Chapter 5: Facility protection

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Use this chapter in conjunction with Annex B: Guidelines for facility protection.

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5.1 Overview

Properly protecting a facility means having a system of physical security that detects and responds to actual or attempted unauthorized access using physical, procedural and psychological barriers.

Given enough time, almost any physical security measure can be compromised. Therefore, protective measures must be based on the time required for a response unit or person to arrive at the scene. Public Services and Procurement Canada’s (PSPC) Contract Security Program (CSP) can help develop a facility protection plan, which will form part of an overall effective security program.

An organization that has a designated organization screening (DOS) or facility security clearance (FSC), with an additional capability authorization, such as document safeguarding capability (DSC) (Subsection 3.2.2: Safeguards) must protect its facility from compromise and unauthorized access.

Organizations must effectively use restricted zones by implementing appropriate security procedures such as:

5.2 Physical security

Organizations should consult PSPC’s CSP at an early stage when building, buying, leasing or renovating facilities for which a site clearance will be required. Physical security systems must comply with provincial and municipal regulations and codes, such as fire, construction and electrical.

Secure zones

Organizations holding a DSC must have a proper number of progressively restrictive zones to control access to protected and classified information and assets. These include a:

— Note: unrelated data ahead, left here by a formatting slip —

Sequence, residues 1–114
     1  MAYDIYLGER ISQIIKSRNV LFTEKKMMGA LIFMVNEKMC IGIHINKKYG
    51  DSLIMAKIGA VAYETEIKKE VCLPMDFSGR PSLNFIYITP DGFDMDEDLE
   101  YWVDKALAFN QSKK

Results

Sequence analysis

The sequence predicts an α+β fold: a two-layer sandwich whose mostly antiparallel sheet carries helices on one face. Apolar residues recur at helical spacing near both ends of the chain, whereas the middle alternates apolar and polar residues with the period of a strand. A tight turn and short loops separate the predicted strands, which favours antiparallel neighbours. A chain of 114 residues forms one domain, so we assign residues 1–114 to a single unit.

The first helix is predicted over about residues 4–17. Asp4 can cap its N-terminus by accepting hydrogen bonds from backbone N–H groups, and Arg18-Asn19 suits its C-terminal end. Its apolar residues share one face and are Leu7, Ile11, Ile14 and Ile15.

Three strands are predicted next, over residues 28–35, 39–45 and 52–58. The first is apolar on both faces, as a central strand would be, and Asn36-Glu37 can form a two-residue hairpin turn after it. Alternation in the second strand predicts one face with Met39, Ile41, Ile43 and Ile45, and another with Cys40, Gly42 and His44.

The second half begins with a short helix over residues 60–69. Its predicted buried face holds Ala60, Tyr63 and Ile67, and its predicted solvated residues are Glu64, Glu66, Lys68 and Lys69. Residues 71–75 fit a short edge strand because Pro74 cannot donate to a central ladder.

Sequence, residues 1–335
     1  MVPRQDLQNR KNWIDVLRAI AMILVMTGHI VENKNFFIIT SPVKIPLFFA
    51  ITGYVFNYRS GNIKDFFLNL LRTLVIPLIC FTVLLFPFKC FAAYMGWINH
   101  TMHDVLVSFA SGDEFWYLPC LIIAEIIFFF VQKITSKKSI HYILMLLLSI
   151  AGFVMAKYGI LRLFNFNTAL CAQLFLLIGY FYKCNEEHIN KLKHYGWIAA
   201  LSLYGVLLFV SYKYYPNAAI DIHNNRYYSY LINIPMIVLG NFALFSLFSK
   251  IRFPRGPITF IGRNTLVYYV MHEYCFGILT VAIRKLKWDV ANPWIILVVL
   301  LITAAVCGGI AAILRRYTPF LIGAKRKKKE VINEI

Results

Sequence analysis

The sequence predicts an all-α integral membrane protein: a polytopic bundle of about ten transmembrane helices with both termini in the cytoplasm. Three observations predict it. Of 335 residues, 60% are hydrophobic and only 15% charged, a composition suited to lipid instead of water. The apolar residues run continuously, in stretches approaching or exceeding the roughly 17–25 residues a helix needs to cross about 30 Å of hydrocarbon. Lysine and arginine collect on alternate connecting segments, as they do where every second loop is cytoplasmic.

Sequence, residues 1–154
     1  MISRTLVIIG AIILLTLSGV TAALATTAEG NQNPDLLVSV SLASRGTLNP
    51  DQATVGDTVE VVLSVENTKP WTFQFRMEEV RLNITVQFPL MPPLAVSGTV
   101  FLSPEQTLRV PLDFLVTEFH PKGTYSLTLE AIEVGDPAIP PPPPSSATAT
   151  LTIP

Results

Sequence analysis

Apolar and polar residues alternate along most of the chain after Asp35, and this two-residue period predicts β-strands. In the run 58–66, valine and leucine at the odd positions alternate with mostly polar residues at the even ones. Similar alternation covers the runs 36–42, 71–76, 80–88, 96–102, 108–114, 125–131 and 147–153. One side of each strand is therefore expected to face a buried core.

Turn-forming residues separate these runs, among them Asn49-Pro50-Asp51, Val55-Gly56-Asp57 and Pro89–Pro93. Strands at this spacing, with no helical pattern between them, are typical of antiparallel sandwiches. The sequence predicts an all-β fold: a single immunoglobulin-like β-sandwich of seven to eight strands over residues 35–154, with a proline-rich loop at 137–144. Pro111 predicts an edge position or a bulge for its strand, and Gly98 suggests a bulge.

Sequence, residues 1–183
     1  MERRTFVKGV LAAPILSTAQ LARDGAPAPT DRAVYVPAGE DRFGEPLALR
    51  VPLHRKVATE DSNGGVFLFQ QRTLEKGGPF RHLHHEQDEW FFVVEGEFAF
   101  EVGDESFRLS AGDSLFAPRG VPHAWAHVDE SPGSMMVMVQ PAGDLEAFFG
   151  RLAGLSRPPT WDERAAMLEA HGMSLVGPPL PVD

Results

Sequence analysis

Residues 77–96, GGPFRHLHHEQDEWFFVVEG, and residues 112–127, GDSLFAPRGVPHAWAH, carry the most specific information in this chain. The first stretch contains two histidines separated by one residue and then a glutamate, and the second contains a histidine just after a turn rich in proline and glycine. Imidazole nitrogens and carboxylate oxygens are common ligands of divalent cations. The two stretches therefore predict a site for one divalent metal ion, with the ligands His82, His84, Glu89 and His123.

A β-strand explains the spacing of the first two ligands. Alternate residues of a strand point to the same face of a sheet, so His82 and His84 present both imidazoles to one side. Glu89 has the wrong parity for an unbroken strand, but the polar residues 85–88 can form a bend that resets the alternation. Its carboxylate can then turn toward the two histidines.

• public zone
  • reception zone
  • operations zone
  • security zone
  • high-security zone

Annex B: II. Types of secure zones provides further information about the types of secure zones.

Zones must have a recognizable perimeter that defines the boundaries, which will be established in consultation with the field industrial security officer (FISO).

Physical security measures are more effective if they are adapted to normal operations as much as possible. Properly locating and defining secure zones helps with functional use as well as access control.

5.3 External areas and perimeters

PSPC’s CSP will also assist with the specific requirements for external areas and perimeters such as:

An organization with DSC may need a security control centre at each site to monitor and control the security equipment and systems. It can be operated by the facility, by a commercial agency under contract, or a combination to provide full-time coverage. The security monitoring system must have the capability to operate independently of other facility monitoring systems.

5.4 Access control of secure zones

Organizations must use established entry points to channel employees and visitors, verify identities and stop a visitor from entering until properly recorded and accompanied by an employee. A number of measures must be taken to control access to secure zones such as:

The organization cannot access, possess, handle or store protected and classified information at the site until PSPC’s CSP has notified it in writing that the required security level has been granted.

Further details about these requirements and what the field industrial security officer will be reviewing during the site inspection are in Annex B: Guidelines for facility protection.

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